With the latest poll numbers tallied and political pundits having spoken, a consensus has emerged: Hillary Clinton won the first Democratic debate and, barring a Benghazi pinata exploding with revelations, has cinched the nomination.
Reasons cited for Clinton’s superior performance have been well hashed by now. Her deft parrying placed her left-of-center but right-of-Sanders. She’s a progressive, she declared, but a pragmatic person who likes to get things done.
Kathleen Parker writes a twice-weekly column on politics and culture. She received the Pulitzer Prize for Commentary In 2010.
A compromiser, in other words. Or perhaps a woman who has learned how to listen and understands that politics requires give and take.
In Las Vegas a week ago, Clinton carefully staked out territory that wouldn’t alienate liberals nor necessarily frighten independents — or even moderate Republicans, to the extent any remain.
Her success also rested in part on competition that, with the exception of Bernie Sanders, was, how shall we put it . . . Lilliputian. Lincoln Chafee’s whine about casting a regrettable Senate vote because he had just arrived in Washington and his father had died was cringingly pathetic.
Neither Jim Webb, who should be a Republican, nor Martin O’Malley disturbed the night. Sanders, though outmaneuvered by Clinton, nonetheless did well enough for his base of supporters. But his most memorable moment belonged to Clinton when he declared that Americans are “sick and tired of hearing about your damn e-mails.”
“Me, too!” Clinton trilled to applause.
It’s not clear that gift-giving was Sanders’s intention. A reporter on MSNBC’S “Morning Joe” said Sanders’s remark had been rehearsed as a way to indict Clinton for her mishandling of the e-mail situation. But Clinton’s quick reaction sealed the deal. She and Sanders shook hands and, hereafter, Clinton is inoculated against the e-mail problem, at least from fellow Democrats.
Her success otherwise was much more than rhetorical skills or clever tactics. It would be understatement to say that Clinton was comfortable in her own skin, though she was. Or that she was authentic, which is true — and usually isn’t.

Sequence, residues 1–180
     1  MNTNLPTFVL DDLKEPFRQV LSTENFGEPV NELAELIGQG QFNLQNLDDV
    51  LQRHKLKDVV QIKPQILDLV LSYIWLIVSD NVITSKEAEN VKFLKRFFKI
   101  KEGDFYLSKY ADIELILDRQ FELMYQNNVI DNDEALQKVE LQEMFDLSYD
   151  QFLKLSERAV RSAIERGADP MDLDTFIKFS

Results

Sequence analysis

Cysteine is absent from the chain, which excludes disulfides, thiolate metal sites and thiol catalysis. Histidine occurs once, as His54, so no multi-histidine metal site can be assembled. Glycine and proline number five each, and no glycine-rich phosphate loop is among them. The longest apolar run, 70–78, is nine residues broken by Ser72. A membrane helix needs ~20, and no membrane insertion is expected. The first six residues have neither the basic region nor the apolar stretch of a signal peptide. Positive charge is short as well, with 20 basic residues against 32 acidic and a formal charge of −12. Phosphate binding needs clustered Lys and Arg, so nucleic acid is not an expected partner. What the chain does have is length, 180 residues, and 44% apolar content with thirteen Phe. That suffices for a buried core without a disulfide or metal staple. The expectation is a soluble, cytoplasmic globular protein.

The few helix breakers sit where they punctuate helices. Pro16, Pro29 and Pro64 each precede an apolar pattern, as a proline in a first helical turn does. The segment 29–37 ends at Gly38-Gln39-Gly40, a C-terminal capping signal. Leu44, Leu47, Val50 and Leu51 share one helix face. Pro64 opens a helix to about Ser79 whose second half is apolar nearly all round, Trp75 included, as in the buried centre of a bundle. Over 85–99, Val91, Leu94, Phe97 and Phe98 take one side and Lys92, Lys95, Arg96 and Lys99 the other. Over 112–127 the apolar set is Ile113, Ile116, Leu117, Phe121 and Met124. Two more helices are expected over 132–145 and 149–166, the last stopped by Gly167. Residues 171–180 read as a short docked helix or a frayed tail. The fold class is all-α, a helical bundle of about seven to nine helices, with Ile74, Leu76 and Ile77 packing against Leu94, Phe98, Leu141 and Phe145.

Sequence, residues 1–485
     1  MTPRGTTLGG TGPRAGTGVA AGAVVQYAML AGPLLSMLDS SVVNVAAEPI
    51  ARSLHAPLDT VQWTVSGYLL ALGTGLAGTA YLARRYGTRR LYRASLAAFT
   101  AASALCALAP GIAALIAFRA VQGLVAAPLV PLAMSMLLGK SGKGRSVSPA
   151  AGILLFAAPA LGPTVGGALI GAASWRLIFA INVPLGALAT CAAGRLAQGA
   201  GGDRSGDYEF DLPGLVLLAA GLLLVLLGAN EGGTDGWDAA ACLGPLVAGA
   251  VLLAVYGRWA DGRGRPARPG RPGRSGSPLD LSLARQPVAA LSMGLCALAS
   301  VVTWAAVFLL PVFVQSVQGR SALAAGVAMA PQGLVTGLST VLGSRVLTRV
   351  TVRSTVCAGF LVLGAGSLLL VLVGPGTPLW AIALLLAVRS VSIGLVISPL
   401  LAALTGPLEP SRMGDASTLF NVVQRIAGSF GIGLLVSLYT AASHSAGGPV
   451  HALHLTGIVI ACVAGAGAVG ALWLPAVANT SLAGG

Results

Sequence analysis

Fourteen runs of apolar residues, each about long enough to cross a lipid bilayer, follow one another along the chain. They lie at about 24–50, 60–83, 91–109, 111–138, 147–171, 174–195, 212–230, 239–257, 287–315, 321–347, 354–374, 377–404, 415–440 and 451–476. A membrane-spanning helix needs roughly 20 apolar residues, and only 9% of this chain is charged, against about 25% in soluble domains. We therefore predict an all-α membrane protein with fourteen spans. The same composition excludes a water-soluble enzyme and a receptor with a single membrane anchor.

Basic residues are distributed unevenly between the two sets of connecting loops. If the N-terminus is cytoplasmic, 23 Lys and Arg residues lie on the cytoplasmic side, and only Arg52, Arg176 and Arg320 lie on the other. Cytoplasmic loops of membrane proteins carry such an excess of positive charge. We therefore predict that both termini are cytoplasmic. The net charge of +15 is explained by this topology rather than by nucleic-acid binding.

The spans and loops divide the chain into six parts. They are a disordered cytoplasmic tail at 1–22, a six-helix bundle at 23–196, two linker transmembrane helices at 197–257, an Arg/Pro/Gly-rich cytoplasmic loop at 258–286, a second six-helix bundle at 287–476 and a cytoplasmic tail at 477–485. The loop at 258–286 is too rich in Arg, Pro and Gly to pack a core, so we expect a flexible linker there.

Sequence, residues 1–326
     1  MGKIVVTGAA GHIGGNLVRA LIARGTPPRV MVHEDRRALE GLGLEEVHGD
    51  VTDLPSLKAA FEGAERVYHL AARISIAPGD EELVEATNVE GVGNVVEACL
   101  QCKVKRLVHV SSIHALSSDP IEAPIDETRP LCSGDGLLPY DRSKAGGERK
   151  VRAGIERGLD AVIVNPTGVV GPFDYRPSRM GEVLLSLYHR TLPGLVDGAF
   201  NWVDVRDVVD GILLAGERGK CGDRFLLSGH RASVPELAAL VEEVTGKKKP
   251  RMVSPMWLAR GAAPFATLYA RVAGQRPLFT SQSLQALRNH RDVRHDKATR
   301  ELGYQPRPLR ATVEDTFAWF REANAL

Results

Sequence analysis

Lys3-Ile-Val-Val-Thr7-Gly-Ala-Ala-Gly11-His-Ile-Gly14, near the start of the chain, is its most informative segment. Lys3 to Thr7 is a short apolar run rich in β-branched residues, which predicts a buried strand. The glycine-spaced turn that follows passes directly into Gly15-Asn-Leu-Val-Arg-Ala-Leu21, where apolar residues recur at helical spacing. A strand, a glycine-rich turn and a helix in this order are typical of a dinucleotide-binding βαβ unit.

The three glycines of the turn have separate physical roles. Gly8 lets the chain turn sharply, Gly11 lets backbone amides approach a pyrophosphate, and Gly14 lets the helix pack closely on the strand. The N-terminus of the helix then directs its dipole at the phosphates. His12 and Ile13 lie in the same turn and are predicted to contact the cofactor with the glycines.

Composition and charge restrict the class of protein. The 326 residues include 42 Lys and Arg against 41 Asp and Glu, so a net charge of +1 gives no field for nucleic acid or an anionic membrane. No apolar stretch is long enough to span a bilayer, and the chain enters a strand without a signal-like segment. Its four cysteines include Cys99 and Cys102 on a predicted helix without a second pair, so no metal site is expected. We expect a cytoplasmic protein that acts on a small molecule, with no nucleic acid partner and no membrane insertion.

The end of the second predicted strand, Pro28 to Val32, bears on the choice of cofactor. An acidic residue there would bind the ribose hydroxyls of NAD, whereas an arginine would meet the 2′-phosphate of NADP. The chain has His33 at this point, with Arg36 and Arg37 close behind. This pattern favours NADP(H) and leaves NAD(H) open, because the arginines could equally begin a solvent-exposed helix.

I’ll say it: She looked fabulous.
This is not trivial. One hopes that feminism and feminists have evolved sufficiently to understand that women in the public eye don’t indulge vanity for its own sake. Vanity is something they deal with as a matter of business so that they can relax and focus on more important things. It’s the price they pay for bright lights.
Clinton verily shimmered with self-confidence and the lightness of spirit that comes from knowing you’re on your game (and that you have a good haircut). There’s no guessing what may have liberated her from the armor she’s worn for so long — but she surpassed not only her opponents but also herself. It was undoubtedly helpful that Republican Majority Leader Kevin McCarthy had lost the House speakership over the muddle of Benghazi.
Henceforth, her story is that Republicans created the Benghazi investigation to bring her down, as McCarthy said in so many words.
No wonder she’s so light on her feet. While at least some jurors are still out on the private e-mail server and Benghazi — and the FBI is still busy with its own investigation — Clinton must find it easier to smile these days.
She faces questioning by the House Select Committee on Benghazi when she appears before the panel Oct. 22. Surely we won’t witness a repeat of two years ago when she appeared before a different panel and furiously asked, “What difference, at this point, does it make?” referring to how or why four Americans were murdered in Libya.
She won’t likely blow a fuse like that again, but she’ll always have to hear that question replayed by her Republican opponents as they seek to undermine her credibility as secretary of state and, by inference, her lack of viability to become commander in chief.
This could backfire on Republicans if they have nothing to show for the money and months they’ve spent trying to produce something they can blame on Clinton as secretary of state. If McCarthy’s blunder isn’t enough evidence of political motivation, it at least reminded voters that smoke can be a sign not just of fire but also of mirrors.
There’s something else that emerged from debate night. Clinton was finally able to demonstrate that she’s just as smart as, if not smarter than, her husband. For many years a second to his first place, Hillary is now the Clinton people think of first.
Her inevitability, which hasn’t been so for the past several months, appears to be on the rise again. And Clinton, it seems, owes Republicans a note of gratitude.
The Dispatch Editorial Board is made up of publisher Peter Imes, columnist Slim Smith, managing editor Zack Plair and senior newsroom staff.